Brought to you by i2Coalition
Last week we had the biggest technology policy win since the Internet community banded together to defeat PIPA/SOPA back in 2012. Completing the IANA stewardship transition was historic, and likely prevented the fragmentation of the global Internet. The i2Coalition played an instrumental role in stopping the Internet from devolving into a series of regional networks.
After two years of participating in accountability reform discussions, we took a leading role in explaining everything to the United States Congress, which decided not to stand in the way of letting this happen. Last week, we helped push it over the edge at the eleventh hour, when a misguided legal challenge by four State Attorneys General threatened to derail everything. We pulled together the technical community to pull an all-nighter, and within 24 hours of hearing about the lawsuit issue an amicus brief defending the transition. With the last hurdle out of the way, the IANA stewardship transition was complete.
- 18 Years in the Making: IANA Transition Moves Forward as Planned, Despite Republican Pushback
- IANA Transition: The Debate Around Who Controls the Internet
- 5 Stories You Need to Read Now to Understand the IANA Transition
Today, “the government gave away the Internet” is still trending. Problem is, everybody on the right side of this debate has done a terrible job of explaining it in public. It’s complicated, and we’ve treated it that way. Because we never spun it down to a simple message, we let this incredible moment be co-opted by politicians in an election year who decided to message that the current US political administration “giving away” the Internet was good politics. They threatened an end to Internet freedom. Nothing could be further from the truth.
The first thing you should understand is that this has nothing to do with free speech or the first amendment. Nothing. The thing that changed hands, the IANA stewardship, doesn’t have anything to do with free speech issues at all, nor does it have anything to do with domain names in the sense that most people understand them.
All this comes down to the administration of a database – a document called the ‘root zone file’. It’s a 32 kb text file that lists all of the things that are allowed to be at the ‘right of the dot’ in a domain name (like .com, .info or .photography). A California based nonprofit called ICANN was created to administer this database, and serve as an accreditor for companies who sell domain names (registries and registrars). This nonprofit operates on the ‘multistakeholder model’, which means that whoever shows up to volunteer and participate can help make decisions about how it changes. Multistakeholder governance is slow by design, because all sorts of people need to agree before anything can change, and that takes time.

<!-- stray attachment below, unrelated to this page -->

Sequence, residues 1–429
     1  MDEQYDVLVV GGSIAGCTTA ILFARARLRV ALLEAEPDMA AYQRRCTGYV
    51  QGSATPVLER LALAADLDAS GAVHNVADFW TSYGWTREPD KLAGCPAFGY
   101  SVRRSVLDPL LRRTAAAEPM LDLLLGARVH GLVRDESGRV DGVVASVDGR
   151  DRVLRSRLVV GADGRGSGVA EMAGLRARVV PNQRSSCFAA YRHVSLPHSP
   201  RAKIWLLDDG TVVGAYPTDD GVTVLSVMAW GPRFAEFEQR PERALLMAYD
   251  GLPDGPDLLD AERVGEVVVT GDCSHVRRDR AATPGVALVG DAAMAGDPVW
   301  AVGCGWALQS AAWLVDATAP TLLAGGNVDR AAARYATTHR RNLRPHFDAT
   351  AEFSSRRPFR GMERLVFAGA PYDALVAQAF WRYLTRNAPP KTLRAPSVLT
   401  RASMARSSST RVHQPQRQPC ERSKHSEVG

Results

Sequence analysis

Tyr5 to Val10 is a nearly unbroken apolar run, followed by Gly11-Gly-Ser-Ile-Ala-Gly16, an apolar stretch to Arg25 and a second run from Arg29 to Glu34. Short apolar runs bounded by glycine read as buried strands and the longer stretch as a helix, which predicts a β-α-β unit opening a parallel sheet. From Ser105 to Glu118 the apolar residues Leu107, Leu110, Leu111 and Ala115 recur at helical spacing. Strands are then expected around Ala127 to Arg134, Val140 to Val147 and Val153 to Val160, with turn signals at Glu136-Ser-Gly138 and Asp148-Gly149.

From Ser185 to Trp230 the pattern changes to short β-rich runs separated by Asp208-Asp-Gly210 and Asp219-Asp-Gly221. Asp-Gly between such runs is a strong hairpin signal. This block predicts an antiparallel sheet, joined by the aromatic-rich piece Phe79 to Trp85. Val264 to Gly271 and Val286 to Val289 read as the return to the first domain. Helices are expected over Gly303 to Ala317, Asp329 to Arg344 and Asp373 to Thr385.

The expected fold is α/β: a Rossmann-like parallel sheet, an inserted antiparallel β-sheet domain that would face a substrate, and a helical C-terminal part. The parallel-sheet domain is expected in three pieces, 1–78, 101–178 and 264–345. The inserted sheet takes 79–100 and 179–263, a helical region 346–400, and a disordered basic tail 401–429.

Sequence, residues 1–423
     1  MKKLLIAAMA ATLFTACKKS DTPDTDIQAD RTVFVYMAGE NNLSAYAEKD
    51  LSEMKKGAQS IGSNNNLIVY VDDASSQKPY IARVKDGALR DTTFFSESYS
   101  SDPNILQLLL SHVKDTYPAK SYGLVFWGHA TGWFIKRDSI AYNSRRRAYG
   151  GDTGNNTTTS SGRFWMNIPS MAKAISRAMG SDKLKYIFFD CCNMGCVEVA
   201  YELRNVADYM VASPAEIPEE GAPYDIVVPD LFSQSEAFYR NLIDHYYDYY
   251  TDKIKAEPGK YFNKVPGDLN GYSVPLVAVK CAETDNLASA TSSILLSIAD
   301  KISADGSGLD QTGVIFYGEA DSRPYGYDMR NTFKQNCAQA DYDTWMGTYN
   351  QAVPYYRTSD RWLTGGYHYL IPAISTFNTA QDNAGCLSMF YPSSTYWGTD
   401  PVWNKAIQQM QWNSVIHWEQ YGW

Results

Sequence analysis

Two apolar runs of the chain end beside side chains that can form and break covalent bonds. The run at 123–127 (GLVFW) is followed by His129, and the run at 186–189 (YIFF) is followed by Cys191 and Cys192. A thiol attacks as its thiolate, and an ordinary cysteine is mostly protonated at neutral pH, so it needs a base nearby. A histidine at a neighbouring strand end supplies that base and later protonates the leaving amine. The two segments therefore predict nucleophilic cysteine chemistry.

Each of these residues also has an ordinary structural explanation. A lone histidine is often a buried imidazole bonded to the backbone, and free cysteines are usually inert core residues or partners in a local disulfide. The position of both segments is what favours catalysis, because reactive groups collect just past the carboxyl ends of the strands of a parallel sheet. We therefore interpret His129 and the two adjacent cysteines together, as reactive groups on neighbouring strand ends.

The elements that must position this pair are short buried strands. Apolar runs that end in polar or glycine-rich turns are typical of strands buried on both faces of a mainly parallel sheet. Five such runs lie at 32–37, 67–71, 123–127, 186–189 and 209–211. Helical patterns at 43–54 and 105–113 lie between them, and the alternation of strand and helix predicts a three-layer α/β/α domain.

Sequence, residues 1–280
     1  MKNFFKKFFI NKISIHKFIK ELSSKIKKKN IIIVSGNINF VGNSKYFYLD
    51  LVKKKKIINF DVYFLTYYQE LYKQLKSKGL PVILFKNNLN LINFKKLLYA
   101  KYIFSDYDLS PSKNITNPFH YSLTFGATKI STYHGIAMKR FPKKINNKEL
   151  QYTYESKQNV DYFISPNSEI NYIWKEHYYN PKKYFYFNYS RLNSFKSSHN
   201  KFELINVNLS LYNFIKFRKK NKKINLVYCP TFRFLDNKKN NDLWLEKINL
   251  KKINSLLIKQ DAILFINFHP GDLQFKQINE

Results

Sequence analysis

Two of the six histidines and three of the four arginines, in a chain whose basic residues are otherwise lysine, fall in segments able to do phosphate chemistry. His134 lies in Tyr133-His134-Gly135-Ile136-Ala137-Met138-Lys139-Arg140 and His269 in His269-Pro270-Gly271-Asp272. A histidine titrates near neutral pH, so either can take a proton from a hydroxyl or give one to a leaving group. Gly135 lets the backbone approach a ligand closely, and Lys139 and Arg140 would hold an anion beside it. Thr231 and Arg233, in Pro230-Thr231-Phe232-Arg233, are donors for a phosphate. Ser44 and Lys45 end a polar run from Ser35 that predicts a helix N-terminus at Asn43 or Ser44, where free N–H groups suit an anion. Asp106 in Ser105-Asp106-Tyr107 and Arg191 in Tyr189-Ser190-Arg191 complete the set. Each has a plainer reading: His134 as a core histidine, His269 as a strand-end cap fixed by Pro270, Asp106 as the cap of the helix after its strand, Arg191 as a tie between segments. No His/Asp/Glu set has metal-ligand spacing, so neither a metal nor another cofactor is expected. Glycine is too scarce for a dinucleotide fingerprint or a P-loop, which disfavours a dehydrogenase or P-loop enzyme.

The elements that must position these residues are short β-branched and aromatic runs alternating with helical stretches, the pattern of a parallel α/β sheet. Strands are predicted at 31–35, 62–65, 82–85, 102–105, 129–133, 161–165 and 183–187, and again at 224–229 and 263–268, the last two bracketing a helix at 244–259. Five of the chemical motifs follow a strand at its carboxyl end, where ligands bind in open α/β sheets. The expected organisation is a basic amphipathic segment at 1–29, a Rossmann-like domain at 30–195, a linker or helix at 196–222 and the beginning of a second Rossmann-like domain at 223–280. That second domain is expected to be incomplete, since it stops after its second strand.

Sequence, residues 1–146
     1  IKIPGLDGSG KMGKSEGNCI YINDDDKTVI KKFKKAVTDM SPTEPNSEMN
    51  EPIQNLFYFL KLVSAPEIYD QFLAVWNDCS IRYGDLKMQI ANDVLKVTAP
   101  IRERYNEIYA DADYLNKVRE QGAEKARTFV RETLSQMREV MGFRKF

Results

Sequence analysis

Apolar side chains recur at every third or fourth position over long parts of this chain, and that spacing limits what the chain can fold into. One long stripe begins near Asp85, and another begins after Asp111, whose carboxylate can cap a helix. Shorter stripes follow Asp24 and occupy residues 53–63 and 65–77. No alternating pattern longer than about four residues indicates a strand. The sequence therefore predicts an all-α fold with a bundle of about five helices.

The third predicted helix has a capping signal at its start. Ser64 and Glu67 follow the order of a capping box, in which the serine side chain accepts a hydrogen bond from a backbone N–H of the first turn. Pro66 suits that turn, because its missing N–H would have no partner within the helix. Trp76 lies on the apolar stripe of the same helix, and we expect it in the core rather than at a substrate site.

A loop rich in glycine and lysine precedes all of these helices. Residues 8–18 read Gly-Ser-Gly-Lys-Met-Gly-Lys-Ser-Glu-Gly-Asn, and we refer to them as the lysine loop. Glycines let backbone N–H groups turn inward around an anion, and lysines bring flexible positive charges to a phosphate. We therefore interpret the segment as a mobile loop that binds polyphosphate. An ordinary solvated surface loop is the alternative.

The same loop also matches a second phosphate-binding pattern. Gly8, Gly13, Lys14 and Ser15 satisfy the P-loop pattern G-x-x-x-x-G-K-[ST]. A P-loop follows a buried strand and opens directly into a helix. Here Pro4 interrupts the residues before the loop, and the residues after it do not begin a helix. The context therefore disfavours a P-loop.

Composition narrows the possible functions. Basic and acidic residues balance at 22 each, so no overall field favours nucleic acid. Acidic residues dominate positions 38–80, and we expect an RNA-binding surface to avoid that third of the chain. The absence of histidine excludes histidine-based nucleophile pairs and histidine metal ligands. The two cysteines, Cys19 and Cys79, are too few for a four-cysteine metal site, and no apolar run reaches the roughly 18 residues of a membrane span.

Next you should understand that governments absolutely DO want to usurp more control over the Internet, and have been fighting to do so for years, including at the UN’s ITU. The last time that governments held a vote to do that, at the WCIT conference in Dubai in December 2012, more governments voted for Internet protocol takeover at the UN level than opposed it. We barely walked away without a fractured Internet then.
The IANA stewardship basically made the US Commerce Department (NTIA Office) a middleman between ICANN, who approved new TLDs (the thing to the far right of the dot) and Verisign, who implemented them. You can call that oversight, and technically it is – but it wasn’t getting us anything and it was a role that we never leveraged to gain anything. Except, when certain governments at the ITU wanted to convince other governments that the way we administer the Internet was broken, they would point to that ‘extra power’ as an example of too much rampant US power. Even though that ‘power’ gained us nothing.
Thing is, ICANN did need better oversight, and the US knew that the best way to make that happen wasn’t to increase the heavy hand of the US, because that would just make more calls at places like the UN for alternatives to ICANN. ICANN’s multistakeholder model was the best way to manage the Internet’s address book, but it was far from perfect.
So the NTIA dusted off their plan, started at ICANN’s inception, to complete the IANA stewardship transition, but did so under conditions that certain ICANN reforms get met. The ICANN community demanded even more reforms. Over two years, people from around the globe debated a ‘grand bargain’ reform package, to build a better, more accountable ICANN in exchange for what was ultimately a fairly meaningless and ineffective power.
ICANN is not an unchecked power like FIFA, and now that we have these reforms in place it never will be. ICANN is not “UN-like” – ICANN is you. You can join, and help decide how the Internet grows. Anybody can. That’s the opposite of systems like the UN. Moreover, the transfer was done specifically to keep Internet powers out of the hands of the UN, and governments that want to control it. We gave up a little to get a lot.
If we had lost this fight, forces that push for Internet control at the ITU would have had everything they needed to make their case against ICANN. The UN would have voted to take over certain protocols, and some governments would have complied. We would have been left with a fractured, fragmented Internet made up of various countries and regions obeying different protocols. This would have affected commerce, communication and speech.
We stopped it. We won. This is a HUGE victory. I am so proud of i2Coalition and its members for playing a vital role in seeing this through.